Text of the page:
Administration at the Donald Berman Maimonides Geriatric Centre in Côte Saint-Luc, a government-run long-term care home, or CHSLD, is disputing claims by family members that a recent COVID-19 outbreak is being caused by staff shortages.
According to the Quebec health ministry, as of Nov. 25, 43 clients have tested positive for the virus and four have died.
Jennifer Clarke, site coordinator at Maimonides, said staff have also been infected.
“Currently we have 22 employees that are off with COVID,” she told Global News.
“These employees are front-line staff but also staff who work in other areas.”
She said seven family caregivers have also fallen ill, but four patients have since recovered.
Clarke said there is no huge staff shortage, adding that they have hired more patient attendants or PAB’s since the summer.
“We were able to add 70 full time PABs, so in terms of that we are actually above our expected quota,” she pointed out.
The bigger problem, she noted, is finding enough registered nurses, but to help remedy that, nurses are being transferred from other institutions to help.
She stressed that those nurses remain at the home.
However, family members of those who live at Maimonides, like Susan Rakita, insist staff shortages, especially among patient attendants, are more acute after hours and on weekends.
“PABs do the day to day care of the residents,” she argued. “If they have enough, why are residents sitting in soiled diapers?”
She and some family members insist they have seen staff members move between care units, including between COVID-19 hot zones and other areas — a claim the health board, as well as Maimonides management, deny.
“We know that they are,” said Rakita, “and to say that they are not, you’re basically calling the nurses themselves liars.”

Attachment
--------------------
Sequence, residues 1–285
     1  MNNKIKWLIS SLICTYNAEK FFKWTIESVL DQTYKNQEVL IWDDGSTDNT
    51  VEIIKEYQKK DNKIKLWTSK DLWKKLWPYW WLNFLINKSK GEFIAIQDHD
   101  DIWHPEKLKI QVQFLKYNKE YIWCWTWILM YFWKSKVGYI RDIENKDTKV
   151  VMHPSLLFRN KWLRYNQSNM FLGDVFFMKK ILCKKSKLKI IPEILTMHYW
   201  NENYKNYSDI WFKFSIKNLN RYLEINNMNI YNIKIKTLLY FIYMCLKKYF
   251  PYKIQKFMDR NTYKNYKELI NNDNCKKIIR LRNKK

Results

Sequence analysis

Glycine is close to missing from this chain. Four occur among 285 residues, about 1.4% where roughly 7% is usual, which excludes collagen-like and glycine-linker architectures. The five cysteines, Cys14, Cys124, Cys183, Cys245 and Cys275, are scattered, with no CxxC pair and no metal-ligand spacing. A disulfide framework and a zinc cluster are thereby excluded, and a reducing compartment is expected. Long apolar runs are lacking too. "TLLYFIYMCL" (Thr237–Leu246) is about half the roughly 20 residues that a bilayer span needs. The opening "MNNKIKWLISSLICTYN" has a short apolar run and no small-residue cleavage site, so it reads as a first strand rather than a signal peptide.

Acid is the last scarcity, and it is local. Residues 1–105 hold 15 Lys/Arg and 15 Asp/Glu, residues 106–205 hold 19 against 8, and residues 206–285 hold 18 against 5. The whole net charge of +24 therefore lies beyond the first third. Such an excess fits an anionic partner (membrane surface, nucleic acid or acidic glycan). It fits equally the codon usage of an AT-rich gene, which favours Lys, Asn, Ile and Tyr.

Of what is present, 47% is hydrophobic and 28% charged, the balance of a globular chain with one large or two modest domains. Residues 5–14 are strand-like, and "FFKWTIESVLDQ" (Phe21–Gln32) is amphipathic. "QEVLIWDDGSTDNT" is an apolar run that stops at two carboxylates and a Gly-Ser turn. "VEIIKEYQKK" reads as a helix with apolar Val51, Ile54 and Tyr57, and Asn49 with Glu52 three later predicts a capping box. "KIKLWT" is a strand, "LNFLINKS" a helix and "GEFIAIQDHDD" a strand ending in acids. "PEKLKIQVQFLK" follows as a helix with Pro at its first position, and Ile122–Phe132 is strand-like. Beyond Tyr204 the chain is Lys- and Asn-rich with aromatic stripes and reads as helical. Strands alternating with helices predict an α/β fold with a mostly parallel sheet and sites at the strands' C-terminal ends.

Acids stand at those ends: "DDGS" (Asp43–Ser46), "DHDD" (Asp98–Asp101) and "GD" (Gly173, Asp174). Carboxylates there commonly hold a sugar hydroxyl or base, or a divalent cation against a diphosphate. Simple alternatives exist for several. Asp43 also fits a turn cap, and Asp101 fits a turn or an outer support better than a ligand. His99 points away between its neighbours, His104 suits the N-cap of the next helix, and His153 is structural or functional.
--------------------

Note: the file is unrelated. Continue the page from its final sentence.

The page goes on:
Clark said she suspects the rapid spread is due to a few factors including what se calls “PPE fatigue.”
“These employees and caregivers are in the protective equipment every day for hours,” she explained, and it’s easy to make mistakes or to probably forget and to perhaps pull a mask down or touch your hair. So these are things that could happen.”
She said there are now protocols in place to decrease that risk.
On top of that, she added, clients with cognitive challenges walk the halls and dedicated staff are supposed to help keep them in their rooms.
“(But) it’s not always possible,” she noted, “so that definitely contributed to the increase in spread.”
Five days ago, Montreal Public Health visited Maimonides. Director Dr. Mylène Drouin said at a press conference that inspectors were mostly satisfied with how the outbreak is being managed.”
“We did some specific recommendations that are, I would say, marginal or complimentary to what was in place,” she told reporters.
Still, families insist staffing and safety issues need to be addressed. They say they believe employees are doing their best but that they need more support to keep residents safe.View link »